His movies not only grab people’s attention but have something profound and political to say once they’ve got it, and the same is certainly true of “Red Rocket” (the title of which is slang for a dog’s erection). “Suitcase Pimp” might have been more apt, since Mikey has essentially built his adult film career on “managing” the women he’s sleeping with, and the movie observes this fast-talking sleazeball coming home with a loose scheme to find someone who will be his ticket back into the porn industry. Maybe it’ll be Lexi (stage actor Bree Elrod), to whom he’s still married. Or maybe Mikey can find a new ingénue and talk her into following him out to SoCal. That’s the plan anyway.

In a place like Texas City — with a population of less than 50,000, living in the shadow of steaming oil refineries that popped up in the wake of a devastating industrial explosion back in 1947 — it’s not hard to imagine a pretty high school girl desperate to get out. After smooth-talking his way back under Lexi’s roof, Mikey discovers a promising contender easily enough at the Donut Hole (he also finds dozens of roughnecks willing to buy his weed, which seems to be the only way such an unemployable screw-up can earn some fast cash).

Everything in “Red Rocket” happens just a little too easily, which is one of the weaknesses of a self-indulgent regional satire that stretches its perhaps-80-minute plot over more than two hours: Like Baker’s beguiling “Florida Project,” it could have been tighter. But unlike that movie, the characters — including a backyard drug dealer named June (Brittney Rodriguez) and incel-next-door Lonnie (Ethan Darbone), Mikey’s one-man fan club — wear out their welcome rather quickly, while 2016 Trump campaign sound bites and trash-TV clips underscore the “reality” of this demented circus.

The script, Baker’s fourth co-written with Chris Bergoch, can be a little obvious at times, inviting a kind of stilted stag-film performance style (most of the cast are amateurs anyway). Maybe that’s deliberate, but it feels as if the director didn’t entirely trust Rex’s ability to play the subtext. “Red Rocket” calls for someone who can convincingly embody a bad actor, since audiences are meant to pick up on the calculating way Mikey tries to manipulate 17-year-old Raylee (Suzanna Son) into making a video with him.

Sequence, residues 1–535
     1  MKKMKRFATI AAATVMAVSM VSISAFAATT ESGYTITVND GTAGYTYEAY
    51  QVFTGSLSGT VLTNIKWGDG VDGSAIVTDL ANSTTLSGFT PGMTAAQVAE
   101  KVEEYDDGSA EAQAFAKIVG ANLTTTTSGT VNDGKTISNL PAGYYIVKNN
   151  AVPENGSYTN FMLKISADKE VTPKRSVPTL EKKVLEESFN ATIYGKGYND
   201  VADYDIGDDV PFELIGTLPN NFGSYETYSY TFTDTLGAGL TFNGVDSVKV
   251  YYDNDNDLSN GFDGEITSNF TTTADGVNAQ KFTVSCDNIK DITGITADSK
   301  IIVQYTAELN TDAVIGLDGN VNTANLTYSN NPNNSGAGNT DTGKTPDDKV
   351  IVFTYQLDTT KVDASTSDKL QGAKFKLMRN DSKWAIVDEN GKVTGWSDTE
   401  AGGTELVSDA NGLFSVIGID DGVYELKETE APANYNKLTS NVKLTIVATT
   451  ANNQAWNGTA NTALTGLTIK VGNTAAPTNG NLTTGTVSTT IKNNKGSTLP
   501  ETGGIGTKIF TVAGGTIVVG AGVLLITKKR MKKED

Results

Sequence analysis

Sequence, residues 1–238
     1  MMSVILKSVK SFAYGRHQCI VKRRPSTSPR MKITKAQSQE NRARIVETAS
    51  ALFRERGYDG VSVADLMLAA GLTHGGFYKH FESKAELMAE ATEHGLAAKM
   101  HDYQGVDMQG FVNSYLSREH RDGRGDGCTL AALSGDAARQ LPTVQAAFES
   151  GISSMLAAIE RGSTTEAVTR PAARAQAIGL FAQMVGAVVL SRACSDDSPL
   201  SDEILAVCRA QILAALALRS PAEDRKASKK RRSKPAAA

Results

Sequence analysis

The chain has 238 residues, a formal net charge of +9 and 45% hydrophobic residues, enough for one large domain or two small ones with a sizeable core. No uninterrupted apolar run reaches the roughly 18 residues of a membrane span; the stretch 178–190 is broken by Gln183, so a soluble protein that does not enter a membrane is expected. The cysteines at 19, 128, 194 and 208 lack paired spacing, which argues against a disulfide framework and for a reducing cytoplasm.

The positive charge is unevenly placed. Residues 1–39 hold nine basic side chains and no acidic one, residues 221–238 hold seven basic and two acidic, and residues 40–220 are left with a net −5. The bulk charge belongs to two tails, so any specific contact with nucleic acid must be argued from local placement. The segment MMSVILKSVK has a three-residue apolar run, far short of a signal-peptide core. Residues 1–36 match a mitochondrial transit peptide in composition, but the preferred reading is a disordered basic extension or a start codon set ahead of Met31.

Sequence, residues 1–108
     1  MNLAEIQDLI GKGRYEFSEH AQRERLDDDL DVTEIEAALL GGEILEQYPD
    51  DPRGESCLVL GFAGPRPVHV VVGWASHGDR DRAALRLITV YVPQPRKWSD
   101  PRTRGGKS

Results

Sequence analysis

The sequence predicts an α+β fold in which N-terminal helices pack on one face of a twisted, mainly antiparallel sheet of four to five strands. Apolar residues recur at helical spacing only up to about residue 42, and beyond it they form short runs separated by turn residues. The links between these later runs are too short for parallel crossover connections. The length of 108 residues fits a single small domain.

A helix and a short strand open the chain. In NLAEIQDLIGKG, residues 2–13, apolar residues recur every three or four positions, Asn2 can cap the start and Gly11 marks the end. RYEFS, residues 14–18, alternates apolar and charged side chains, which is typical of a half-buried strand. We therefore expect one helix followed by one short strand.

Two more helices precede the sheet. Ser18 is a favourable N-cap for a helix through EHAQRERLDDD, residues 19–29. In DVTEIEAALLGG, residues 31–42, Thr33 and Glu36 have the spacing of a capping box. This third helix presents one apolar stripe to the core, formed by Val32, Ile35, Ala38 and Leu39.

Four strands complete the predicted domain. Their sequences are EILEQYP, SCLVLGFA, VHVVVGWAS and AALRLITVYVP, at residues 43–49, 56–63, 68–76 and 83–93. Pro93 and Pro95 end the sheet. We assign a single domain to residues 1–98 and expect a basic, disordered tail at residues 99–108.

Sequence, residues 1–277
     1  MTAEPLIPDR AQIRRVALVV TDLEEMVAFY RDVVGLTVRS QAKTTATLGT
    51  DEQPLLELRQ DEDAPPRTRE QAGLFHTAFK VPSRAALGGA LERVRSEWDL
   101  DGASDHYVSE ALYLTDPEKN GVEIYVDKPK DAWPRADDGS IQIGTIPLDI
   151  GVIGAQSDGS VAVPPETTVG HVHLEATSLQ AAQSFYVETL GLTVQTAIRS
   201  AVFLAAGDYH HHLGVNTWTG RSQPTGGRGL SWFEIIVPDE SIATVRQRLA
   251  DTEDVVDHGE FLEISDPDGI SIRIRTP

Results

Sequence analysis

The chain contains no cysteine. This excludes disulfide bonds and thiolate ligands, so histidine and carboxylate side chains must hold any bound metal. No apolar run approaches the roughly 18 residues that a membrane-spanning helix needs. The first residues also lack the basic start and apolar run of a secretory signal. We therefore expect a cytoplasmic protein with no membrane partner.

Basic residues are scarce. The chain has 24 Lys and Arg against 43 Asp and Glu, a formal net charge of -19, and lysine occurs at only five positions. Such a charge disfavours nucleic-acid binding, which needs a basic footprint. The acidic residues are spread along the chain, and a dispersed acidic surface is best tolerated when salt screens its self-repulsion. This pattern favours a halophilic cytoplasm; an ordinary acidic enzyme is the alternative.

Like a more demure version of the rebellious Texas duo in Augustine Frizzell’s under-seen “Never Back Down,” Son’s bored and horny local turns out to be super receptive to the slightly pathetic burnout — who shows up at the doughnut shop on a borrowed bike, drenched in flop sweat, and takes her to a strip club on their first date — inviting him to call her “Strawberry” and grabbing his crotch. “Are you trying to get fired?” he asks. “I’m trying to get hired.” Bow chicka wow wow.

From the sidelines, anyone can tell what Mikey’s up to, and it’s far too convenient (and not at all plausible) that Lexi and her justifiably skeptical mother, Lil (Brenda Deiss), don’t keep better tabs on their notoriously shady tenant. But then, they’re busy freebasing in the backyard while Mikey’s out earning the rent. All of these characters would be right at home on an episode of “The Jerry Springer Show,” and though the movie builds to an appropriately trashy finale — one that offers “Boogie Nights” a run for its money shot — the climax isn’t nearly outrageous enough. Like Adam Sandler in “Uncut Gems” (another alternate title the film could have used), Mikey is a manic small-time scam artist who recklessly flirts with self-destruction. Once upon a time, shooting porn would have been the fastest form of sabotage. But in this fractured fairy tale, it could well be the path to his redemption.